At Ashby Park Pediatric Dentistry, our dentists are in the business of preserving your smile! Sometimes, a tooth becomes badly damaged by tooth decay or a dental injury and has to be removed or extracted.
A tooth extraction is simply the removal of a tooth from the socket. Our dentists will only perform an extraction if it is necessary, which is most often because the tooth cannot be restored back to optimal chewing function. The most common reason for a tooth extraction is an infection under the tooth, also known as an abscess. Other reasons for needing a tooth extraction may be tooth decay, dental trauma, periodontal disease, or for orthodontic treatment needs.
Even though baby teeth will fall out on their own, it is important to take care of an abscessed tooth or damaged tooth before it causes problems to other baby teeth or permanent teeth that have not yet surfaced. A damaged or decayed tooth may also cause pain and discomfort for a child, leading to difficulty eating or even speaking. In this case, do not ignore your child’s complaints and schedule an appointment at our office in Greenville, Anderson, or Easley, SC and one of our dentists will bring your child’s smile back to optimal health!
About the Procedure
Most of the time, an extraction procedure can simply be done right in the dentist office. Your child’s dentist will use a topical numbing cream and a local anesthetic to numb the extraction site. Your dentist will use an instrument to loosen and lift the tooth out of the socket then use forceps to remove it. The dentist will ensure your child is comfortable and pain-free during the procedure, all while bringing their smile back to its best state.
After Procedure Care for Children’s Tooth Extractions
Following the extraction procedure, your main focus is to help stop the bleeding. Our dentists recommend positive pressure as the most effective method to stop the bleeding. Have your child bite down tightly on a piece of gauze for approximately 15 to 30 minutes. If your child is too young to apply the appropriate pressure themselves, hold down a piece of gauze to the extraction site with your finger for the same amount of time. You will still see some bleeding even after the positive pressure, but do not be alarmed, the extraction site may bleed for several hours or even start and stop again. Continue the positive pressure to help stop the bleeding.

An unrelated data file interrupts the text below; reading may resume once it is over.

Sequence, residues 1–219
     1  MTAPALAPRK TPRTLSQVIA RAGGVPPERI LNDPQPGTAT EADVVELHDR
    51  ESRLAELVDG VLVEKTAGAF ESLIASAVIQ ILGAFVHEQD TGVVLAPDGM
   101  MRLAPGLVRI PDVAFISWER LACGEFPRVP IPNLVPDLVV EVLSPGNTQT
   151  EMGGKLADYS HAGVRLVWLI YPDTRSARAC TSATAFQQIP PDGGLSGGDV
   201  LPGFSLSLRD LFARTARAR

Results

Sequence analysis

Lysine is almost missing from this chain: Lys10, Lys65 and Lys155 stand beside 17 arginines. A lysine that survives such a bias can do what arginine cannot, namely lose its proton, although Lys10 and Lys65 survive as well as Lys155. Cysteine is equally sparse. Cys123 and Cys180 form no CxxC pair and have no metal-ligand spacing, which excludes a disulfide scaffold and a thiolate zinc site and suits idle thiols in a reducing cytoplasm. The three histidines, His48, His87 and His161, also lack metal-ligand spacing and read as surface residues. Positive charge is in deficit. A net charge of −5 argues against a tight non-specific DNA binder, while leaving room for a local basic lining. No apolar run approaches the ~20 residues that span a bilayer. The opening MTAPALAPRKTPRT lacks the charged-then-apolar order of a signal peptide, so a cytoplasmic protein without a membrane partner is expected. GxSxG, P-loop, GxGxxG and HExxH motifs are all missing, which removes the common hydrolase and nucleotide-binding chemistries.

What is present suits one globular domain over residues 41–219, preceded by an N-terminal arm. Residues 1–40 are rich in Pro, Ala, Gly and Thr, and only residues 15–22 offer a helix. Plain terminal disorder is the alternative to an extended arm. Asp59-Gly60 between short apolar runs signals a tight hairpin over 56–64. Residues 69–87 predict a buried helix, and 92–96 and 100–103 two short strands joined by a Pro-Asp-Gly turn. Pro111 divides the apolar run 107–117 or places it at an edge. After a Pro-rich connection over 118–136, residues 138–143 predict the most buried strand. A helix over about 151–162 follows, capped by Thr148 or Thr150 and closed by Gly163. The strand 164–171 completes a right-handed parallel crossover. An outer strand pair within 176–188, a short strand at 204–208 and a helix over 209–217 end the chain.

Your child will be numb following the procedure, so help them refrain from eating to keep them from biting their lip, cheek, or tongue. If your child is experiencing any pain, children’s ibuprofen or acetaminophen will help ease the pain or any discomfort. If your child’s pain does not subside or is severe, please contact our office as soon as possible for guidance.
Remember to help them avoid straws or any kind of sucking action on the first day to make sure the extraction site clots. Any kind of crunchy foods should also be avoided. To aid the healing process, rinse the mouth with warm salt water 3 to 4 times a day on the first day following the extraction.
FAQs about Tooth Extractions
How Long is the Recovery Period?
For a simple extraction, your child should only feel pain for 24 hours following the procedure. The extraction site will be tender for a few days, so have your child avoid crunchy or hard foods to help the area heal. Should your child’s pain become severe or extend beyond 24 hours, please contact our office.
How to Reduce Swelling After a Tooth Extraction Procedure?
To reduce swelling after a tooth extraction procedure, simply hold a cold compress to the outside of the extraction site. Additionally, your child can take children’s ibuprofen to help with the pain and swelling following the procedure.
What Can be Eaten After a Tooth Extraction Procedure?
Soft, lukewarm foods are great for a post-extraction meal! Foods such as pudding, mashed vegetables, lukewarm soup, or smoothies are good options to help your child stay fueled. Have them avoid eating crunchy foods or drinking from a straw to help the extraction fully heal.